PX284-15 Statistical Mechanics, Electromagnetic Theory and Optics
The module has two halves. One develops the ideas of first year electricity and magnetism into Maxwell's theory of electromagnetism. Establishing a complete theory of electromagnetism has proved to be one the greatest achievements of physics. It was the principal motivation for Einstein to develop special relativity, it has served as the model for subsequent theories of the forces of nature and it has been the basis for all of electronics (radios, telephones, computers, the lot...).
Any macroscopic object we meet contains a large number of particles, each of which moves according to the laws of mechanics (which can be classical or quantum). Yet we can often ignore the details of this microscopic motion and use a few average quantities such as temperature and pressure to describe and predict the behaviour of the object. Why we can do this, when we can do this and how to do it are discussed in the other half of this module.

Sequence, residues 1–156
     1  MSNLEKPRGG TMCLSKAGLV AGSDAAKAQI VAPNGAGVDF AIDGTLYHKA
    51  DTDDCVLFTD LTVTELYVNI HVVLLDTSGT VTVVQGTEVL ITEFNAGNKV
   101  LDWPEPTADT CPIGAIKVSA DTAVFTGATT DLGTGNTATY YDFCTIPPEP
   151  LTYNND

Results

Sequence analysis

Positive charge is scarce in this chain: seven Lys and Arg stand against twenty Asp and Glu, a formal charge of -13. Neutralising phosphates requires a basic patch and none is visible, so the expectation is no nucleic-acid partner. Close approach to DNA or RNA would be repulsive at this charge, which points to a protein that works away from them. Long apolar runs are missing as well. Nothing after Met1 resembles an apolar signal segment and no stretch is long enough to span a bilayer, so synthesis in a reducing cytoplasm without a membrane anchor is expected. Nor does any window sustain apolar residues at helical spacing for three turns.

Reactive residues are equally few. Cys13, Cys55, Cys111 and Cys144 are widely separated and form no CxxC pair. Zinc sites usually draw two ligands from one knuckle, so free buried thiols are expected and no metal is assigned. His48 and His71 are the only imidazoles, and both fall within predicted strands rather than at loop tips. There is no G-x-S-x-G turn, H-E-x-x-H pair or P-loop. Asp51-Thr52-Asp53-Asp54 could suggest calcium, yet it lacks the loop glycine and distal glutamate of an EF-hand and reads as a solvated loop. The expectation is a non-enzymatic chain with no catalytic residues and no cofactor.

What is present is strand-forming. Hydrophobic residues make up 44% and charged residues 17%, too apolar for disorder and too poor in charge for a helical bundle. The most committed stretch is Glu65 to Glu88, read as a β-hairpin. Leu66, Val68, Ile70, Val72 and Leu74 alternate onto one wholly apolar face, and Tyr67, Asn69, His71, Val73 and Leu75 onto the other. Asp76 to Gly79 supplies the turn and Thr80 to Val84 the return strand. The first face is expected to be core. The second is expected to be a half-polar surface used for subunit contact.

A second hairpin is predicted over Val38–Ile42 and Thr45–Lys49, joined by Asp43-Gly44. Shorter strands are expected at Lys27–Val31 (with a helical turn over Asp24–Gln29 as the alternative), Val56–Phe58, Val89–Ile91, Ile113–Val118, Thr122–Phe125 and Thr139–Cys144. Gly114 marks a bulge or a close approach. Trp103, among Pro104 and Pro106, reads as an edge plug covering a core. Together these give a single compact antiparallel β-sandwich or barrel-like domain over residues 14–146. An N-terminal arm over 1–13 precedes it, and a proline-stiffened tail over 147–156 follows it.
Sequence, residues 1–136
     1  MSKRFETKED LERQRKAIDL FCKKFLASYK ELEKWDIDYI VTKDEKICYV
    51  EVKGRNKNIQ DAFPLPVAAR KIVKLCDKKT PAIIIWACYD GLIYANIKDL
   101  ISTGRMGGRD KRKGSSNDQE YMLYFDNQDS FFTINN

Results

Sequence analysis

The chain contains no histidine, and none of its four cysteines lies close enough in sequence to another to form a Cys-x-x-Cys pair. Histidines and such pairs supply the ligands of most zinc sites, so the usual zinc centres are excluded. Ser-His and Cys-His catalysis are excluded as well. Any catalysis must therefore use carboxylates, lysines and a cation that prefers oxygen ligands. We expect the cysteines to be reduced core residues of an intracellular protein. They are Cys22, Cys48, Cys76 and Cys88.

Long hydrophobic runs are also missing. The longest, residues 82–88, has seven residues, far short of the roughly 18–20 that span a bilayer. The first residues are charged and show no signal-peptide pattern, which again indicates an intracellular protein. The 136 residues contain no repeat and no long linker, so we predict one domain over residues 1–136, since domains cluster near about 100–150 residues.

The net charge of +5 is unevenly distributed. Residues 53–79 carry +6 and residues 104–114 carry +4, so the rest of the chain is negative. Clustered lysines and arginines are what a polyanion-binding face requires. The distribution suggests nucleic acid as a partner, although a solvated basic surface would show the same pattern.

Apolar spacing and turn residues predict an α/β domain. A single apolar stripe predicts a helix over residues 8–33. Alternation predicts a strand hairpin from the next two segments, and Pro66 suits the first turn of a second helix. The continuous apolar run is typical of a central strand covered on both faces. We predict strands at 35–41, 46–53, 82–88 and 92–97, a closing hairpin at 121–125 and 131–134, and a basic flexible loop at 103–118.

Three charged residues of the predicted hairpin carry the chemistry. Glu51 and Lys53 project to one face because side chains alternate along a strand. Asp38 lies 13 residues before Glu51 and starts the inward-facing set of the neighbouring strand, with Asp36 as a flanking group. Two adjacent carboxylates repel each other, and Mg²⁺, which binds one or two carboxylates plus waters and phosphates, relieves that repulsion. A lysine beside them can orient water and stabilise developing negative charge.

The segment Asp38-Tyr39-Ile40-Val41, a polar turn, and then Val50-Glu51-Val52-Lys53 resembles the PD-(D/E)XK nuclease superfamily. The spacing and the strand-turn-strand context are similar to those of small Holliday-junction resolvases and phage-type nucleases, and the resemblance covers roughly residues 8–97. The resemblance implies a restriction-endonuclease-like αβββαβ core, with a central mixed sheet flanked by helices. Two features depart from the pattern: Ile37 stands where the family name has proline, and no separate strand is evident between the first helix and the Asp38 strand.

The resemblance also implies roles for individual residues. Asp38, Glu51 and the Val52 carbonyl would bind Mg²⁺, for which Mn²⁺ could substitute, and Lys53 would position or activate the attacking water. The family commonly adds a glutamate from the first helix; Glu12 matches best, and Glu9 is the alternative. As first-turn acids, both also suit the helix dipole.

The module should study Maxwell's equations and their solutions and introduce statistical mechanics and its central role in physics.
This is an indicative module outline only to give an indication of the sort of topics that may be covered. Actual sessions held may differ.
I. Electromagnetic Theory and Optics: Ampere's law, Faraday/Lenz's law, Gauss's law in differential form. Need for the displacement current. Statement of Maxwell's equations. Maxwell equations in vacuum and in matter. Magnetisation and polarization of materials. Relation of E and P, B and M. Solutions to Maxwell equations in vacuum. Electromagnetic waves, Poynting vector, intrinsic impedance, polarisation. Boundary conditions. Interfaces between dielectrics, separation into perpendicular and parallel components. Refractive index. Ohm's law. Interface with a metal, skin effect.
Optics: reflection and refraction. Wavefronts at plane and spherical surfaces. Lenses. Basics of optical instruments, resolution.